Top end extension is critical to the sound of the best copies. Lots of old records (and new ones) have no real top end; consequently, the studio or stage will be missing much of its natural air and space, and instruments will lack their full complement of harmonic information.
Tube smear is common to most vintage pressings and this is no exception. The copies that tend to do the best in a shootout will have the least (or none), yet are full-bodied, tubey and rich.
What We’re Listening For On Symphony No. 6 (Pathétique)
- Energy for starters. What could be more important than the life of the music?
- The Big Sound comes next — wall to wall, lots of depth, huge space, three-dimensionality, all that sort of thing.
- Then transient information — fast, clear, sharp attacks, not the smear and thickness so common to these LPs.
- Tight punchy bass — which ties in with good transient information, also the issue of frequency extension further down.
- Next: transparency — the quality that allows you to hear deep into the soundfield, showing you the space and air around all the instruments.
- Extend the top and bottom and voila, you have The Real Thing — an honest to goodness Hot Stamper.
Mint Minus Minus and maybe a bit better is about as quiet as any vintage pressing will play, and since only the right vintage pressings have any hope of sounding good on this album, that will most often be the playing condition of the copies we sell. (The copies that are even a bit noisier get listed on the site are seriously reduced prices or traded back in to the local record stores we shop at.)
Those of you looking for quiet vinyl will have to settle for the sound of other pressings and Heavy Vinyl reissues, purchased elsewhere of course as we have no interest in selling records that don’t have the vintage analog magic of these wonderful recordings.
If you want to make the trade-off between bad sound and quiet surfaces with whatever Heavy Vinyl pressing might be available, well, that’s certainly your prerogative, but we can’t imagine losing what’s good about this music — the size, the energy, the presence, the clarity, the weight — just to hear it with less background noise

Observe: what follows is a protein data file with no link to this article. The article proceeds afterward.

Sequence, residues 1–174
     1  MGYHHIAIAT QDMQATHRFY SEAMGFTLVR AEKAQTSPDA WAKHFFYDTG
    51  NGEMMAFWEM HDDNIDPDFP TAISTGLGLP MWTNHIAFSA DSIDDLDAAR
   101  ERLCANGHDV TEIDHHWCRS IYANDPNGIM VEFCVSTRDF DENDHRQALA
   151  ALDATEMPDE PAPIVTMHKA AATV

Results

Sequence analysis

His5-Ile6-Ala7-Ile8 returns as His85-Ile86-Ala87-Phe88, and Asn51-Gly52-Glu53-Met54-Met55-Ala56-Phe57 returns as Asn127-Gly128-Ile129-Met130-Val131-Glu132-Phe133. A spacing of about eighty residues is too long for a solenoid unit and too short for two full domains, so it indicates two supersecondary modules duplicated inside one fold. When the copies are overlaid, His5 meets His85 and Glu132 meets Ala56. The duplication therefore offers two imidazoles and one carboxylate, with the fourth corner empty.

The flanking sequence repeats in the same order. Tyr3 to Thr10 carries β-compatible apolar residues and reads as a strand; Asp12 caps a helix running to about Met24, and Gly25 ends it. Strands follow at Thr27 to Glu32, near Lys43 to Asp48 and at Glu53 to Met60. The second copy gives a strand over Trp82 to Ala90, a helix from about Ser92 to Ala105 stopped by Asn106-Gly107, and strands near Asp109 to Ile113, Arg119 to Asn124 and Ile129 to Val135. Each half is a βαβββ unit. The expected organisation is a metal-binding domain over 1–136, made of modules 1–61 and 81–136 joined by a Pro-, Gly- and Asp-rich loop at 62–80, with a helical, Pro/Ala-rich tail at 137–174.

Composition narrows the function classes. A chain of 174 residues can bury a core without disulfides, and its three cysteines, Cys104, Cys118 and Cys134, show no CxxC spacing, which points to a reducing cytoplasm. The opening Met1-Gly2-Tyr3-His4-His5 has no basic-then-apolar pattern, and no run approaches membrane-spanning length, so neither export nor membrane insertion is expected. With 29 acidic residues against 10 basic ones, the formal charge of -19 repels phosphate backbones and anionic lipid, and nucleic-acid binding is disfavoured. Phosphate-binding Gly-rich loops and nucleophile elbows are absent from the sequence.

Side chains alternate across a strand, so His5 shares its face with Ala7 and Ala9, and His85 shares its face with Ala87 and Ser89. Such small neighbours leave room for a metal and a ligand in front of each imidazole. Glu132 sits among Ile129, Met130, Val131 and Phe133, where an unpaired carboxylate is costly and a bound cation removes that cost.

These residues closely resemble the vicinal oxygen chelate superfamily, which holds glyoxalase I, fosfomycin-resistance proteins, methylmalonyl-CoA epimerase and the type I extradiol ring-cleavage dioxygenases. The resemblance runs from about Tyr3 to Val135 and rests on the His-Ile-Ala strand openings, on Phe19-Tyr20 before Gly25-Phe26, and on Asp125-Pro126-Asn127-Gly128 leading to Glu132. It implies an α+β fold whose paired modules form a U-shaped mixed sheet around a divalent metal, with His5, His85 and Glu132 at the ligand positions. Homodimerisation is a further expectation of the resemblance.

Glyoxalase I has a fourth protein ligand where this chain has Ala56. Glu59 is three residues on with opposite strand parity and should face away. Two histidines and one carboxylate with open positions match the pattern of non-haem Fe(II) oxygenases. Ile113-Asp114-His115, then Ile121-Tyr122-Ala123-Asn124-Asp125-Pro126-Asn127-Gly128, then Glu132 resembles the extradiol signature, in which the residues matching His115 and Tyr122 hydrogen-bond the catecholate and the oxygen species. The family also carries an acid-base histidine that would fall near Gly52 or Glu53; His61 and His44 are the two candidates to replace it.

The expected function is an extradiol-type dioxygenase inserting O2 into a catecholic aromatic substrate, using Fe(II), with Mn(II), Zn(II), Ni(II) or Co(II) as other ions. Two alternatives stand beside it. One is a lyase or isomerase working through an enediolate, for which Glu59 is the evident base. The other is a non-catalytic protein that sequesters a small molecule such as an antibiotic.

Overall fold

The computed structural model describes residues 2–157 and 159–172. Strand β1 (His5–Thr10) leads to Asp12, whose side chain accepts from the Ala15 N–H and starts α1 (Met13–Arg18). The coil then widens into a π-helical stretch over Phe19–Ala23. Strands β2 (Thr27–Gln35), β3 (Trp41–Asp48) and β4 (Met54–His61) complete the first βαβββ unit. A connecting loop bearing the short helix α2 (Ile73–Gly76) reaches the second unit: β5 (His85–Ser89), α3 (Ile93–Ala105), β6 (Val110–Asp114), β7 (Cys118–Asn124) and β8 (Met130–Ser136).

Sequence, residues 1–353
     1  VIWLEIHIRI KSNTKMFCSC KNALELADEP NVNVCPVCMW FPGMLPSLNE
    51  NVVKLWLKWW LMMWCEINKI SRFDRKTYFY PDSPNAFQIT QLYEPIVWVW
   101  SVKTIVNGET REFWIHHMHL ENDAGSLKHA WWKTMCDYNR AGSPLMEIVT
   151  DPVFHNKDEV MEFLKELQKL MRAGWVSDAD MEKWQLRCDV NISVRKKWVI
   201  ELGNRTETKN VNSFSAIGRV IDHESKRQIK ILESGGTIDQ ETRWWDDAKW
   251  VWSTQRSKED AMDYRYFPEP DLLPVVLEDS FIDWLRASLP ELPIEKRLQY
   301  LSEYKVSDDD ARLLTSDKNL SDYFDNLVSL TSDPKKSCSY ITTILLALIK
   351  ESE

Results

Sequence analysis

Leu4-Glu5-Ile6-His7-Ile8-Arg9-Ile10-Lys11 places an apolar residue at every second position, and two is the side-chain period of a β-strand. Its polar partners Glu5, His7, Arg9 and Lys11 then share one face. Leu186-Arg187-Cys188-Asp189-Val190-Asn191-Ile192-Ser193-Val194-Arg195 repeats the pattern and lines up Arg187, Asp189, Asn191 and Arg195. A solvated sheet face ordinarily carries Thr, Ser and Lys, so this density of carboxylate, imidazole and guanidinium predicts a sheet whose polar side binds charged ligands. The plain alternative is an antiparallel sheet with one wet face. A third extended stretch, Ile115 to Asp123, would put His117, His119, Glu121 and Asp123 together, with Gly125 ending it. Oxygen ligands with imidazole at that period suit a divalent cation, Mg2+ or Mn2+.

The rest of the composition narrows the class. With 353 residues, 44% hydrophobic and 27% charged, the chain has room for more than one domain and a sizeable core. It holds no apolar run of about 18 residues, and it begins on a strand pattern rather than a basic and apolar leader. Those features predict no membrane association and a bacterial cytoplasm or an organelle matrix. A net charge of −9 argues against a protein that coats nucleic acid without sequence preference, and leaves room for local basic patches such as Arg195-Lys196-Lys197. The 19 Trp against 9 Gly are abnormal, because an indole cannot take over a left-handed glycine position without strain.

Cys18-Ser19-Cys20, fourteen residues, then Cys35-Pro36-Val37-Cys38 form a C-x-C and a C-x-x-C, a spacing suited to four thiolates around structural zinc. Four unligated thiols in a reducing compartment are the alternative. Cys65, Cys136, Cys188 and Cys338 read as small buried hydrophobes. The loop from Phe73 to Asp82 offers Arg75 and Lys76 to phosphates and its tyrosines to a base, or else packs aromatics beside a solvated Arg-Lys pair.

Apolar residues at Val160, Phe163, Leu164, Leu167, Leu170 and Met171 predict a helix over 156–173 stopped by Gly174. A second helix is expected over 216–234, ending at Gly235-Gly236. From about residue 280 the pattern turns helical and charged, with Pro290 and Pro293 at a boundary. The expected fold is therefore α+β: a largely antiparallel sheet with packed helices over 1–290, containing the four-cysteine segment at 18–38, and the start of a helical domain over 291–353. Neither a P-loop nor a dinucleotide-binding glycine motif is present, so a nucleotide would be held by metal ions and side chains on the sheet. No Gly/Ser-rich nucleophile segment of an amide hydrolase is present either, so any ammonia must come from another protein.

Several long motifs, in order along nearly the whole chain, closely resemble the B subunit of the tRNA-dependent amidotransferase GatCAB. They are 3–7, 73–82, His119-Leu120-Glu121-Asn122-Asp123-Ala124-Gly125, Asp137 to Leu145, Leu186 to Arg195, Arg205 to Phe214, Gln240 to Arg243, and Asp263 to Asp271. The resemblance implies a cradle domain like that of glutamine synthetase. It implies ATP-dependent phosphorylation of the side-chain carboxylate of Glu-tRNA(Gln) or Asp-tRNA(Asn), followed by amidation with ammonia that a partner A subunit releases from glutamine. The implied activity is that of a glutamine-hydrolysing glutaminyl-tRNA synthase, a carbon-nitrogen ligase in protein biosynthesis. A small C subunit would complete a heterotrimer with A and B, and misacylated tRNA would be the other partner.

Mvt. I: Adagio; Allegro Non Troppo
Mvt. II: Allegro Con Grazia
Mvt. III: Allegro Molto Vivace
Mvt. IV: Adagio Lamentoso
Tchaikovsky’s Sixth Symphony is forever associated with the tragedy of his sudden death. In the last year of his life, 1893, the composer began work on a new symphony. Sketches dated from as early as February, but progress was slow. Concert tours to France and England and the awarding of a doctorate of music from Cambridge cut into the time available for composition. Thus, though Tchaikovsky could compose quickly when the muse was with him, it was not until the end of August that he was able to complete the Sixth Symphony. Its premiere, with the composer himself on the podium, was given in St. Petersburg two months later, on October 28. The work seemed unusually somber, particularly in its finale that, both in tempo and dynamics, fades into nothingness.
Tchaikovsky’s brother Modest suggested at the time that the work ought to be called by the French word “pathetique,” meaning melancholy, and Tchaikovsky supposedly agreed, but if Modest or anyone else bothered to ask the reason behind the symphony’s gloomy mood, Tchaikovsky’s answer is lost to time. His only remembered comment about the new piece is, “Without exaggeration, I have put my whole soul into this work.